Anxiety is extremely rough to handle. It takes your breath away, has you feeling like the room is closing in around you, and you can’t stop crying. Anxiety disorders affect one in eight children. According to the Anxiety and Depression Association of America, experts say the rates of kids with anxiety has raised.
“[ The first day of school felt] nerve wracking. I didn’t know anybody and I was scared of judgement. This school was all new to me. I talked to my mom throughout the day, and friends from Memorial. I think I’ll get more comfortable throughout the school year and be able to make more friends,” new Deer Park student, Samantha Rodriguez said.
Students who are trying to cope with anxiety, sometimes don’t like to talk to the counselors. If that is you and you’re reading this, here is some advice. Inhale. 1, 2, 3. Exhale. 1, 2, 3. Repeat until a steady feeling overcomes you and you’re not closed in. When in class and anxiety strikes, students are allowed to get up. Let the teacher know you’re leaving the class to calm down somewhere that makes you more comfortable. The counselors do suggest to see them and talk, for the students sake, and to help you feel better. They find ways to cope with these exotic feelings.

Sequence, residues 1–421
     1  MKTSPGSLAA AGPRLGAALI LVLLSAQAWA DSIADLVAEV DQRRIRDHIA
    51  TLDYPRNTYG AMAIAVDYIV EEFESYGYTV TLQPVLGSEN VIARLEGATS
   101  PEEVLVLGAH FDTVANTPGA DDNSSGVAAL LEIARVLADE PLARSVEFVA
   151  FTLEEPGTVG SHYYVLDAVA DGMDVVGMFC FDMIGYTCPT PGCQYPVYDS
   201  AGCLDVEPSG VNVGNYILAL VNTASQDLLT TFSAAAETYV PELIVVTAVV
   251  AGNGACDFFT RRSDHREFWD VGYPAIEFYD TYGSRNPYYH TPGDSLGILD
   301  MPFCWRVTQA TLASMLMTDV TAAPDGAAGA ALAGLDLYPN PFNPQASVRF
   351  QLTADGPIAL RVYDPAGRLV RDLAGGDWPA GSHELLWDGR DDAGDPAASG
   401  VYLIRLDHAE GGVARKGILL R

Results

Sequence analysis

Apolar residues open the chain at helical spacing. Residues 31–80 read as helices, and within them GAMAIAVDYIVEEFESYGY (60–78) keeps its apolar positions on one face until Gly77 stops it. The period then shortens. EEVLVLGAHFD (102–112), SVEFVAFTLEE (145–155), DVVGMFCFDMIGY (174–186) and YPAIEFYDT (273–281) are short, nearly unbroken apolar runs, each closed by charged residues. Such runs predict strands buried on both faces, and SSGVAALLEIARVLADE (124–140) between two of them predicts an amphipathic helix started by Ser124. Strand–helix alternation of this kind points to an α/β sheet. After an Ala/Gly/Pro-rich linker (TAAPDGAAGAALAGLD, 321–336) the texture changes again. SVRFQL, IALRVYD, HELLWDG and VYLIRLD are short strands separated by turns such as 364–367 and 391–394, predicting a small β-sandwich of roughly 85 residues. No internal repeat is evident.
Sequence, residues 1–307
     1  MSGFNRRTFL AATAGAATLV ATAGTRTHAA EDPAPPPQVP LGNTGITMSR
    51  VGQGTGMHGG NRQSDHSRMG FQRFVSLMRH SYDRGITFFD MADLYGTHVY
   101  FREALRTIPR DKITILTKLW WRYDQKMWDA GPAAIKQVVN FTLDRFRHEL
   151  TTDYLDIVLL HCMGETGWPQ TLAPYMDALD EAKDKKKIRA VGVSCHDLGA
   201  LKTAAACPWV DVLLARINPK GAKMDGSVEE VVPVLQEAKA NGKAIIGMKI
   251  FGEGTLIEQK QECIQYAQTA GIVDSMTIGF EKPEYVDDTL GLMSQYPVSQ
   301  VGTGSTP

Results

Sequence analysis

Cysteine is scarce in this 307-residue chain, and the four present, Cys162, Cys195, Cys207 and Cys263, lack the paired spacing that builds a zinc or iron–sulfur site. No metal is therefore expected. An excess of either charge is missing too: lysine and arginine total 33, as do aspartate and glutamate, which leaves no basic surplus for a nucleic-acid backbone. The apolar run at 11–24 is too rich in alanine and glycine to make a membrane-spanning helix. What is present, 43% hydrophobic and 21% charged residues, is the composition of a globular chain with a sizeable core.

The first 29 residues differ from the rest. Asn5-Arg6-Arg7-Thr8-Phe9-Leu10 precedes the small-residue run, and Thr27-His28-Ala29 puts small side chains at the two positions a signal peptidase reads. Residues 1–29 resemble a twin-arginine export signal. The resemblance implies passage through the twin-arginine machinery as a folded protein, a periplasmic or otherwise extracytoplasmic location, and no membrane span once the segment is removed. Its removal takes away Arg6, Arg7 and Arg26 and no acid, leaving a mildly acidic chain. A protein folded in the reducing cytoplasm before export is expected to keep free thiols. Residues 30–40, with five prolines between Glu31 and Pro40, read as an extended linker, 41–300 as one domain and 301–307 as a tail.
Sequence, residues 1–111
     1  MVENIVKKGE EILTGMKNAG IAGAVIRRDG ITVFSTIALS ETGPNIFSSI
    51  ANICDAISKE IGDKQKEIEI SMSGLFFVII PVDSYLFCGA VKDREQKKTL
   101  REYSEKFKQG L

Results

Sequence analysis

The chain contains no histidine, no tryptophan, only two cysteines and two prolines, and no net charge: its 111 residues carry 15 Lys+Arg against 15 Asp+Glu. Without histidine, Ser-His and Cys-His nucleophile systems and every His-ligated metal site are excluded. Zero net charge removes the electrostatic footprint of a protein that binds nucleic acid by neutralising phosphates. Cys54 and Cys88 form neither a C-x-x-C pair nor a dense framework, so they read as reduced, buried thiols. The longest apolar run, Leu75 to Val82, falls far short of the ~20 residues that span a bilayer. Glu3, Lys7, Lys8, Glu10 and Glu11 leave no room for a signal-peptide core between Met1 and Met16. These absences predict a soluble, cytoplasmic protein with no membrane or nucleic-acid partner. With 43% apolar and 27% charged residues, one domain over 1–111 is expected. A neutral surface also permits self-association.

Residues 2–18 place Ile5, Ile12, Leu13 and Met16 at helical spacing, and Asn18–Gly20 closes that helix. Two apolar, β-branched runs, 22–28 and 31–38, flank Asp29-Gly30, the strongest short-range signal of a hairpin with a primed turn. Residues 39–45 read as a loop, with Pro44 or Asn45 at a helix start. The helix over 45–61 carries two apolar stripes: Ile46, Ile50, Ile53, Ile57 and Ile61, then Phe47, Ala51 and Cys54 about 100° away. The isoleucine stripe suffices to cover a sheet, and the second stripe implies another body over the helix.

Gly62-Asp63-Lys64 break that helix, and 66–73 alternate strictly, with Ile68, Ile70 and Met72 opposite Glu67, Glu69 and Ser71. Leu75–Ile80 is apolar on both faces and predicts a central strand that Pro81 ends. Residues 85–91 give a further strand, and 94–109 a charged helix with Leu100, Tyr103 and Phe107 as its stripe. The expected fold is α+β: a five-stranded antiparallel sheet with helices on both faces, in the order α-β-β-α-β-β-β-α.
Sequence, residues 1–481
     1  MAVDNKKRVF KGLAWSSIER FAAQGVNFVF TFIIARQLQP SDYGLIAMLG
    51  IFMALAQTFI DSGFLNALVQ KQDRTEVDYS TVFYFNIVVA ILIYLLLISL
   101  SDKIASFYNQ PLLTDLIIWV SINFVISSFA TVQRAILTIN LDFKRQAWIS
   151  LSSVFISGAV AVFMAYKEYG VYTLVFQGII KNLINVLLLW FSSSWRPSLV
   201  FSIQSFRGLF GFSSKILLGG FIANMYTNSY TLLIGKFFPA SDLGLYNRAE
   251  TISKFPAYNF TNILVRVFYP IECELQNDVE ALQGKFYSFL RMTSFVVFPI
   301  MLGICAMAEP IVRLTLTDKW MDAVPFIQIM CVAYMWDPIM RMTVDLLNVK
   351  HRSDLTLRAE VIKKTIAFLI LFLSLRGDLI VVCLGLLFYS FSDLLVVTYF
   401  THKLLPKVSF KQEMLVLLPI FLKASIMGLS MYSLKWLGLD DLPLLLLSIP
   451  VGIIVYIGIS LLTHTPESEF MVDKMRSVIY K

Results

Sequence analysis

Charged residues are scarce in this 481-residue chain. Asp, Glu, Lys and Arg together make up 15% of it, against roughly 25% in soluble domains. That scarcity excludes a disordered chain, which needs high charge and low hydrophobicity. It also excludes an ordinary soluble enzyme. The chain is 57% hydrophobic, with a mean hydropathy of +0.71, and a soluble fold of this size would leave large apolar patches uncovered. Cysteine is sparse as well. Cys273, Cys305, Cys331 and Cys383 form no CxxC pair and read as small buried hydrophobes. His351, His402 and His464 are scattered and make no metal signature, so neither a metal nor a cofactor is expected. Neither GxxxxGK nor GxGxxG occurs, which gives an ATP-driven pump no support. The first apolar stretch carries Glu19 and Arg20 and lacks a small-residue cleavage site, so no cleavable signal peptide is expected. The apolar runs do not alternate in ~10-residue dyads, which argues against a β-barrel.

“It depends, if it’s mild anxiety we’ll sit and talk about calming strategies. If it’s an everyday anxiousness, we’ll contact the teachers and letting them step out of class for a moment so they can calm themselves. If it’s severe and affects their functions, we use outside resources like therapy and find other coping strategies specific to them. Students have different triggers, it could be something out of school, memories, or stressers,” Deer Park Counselor, Mrs. Babcock said.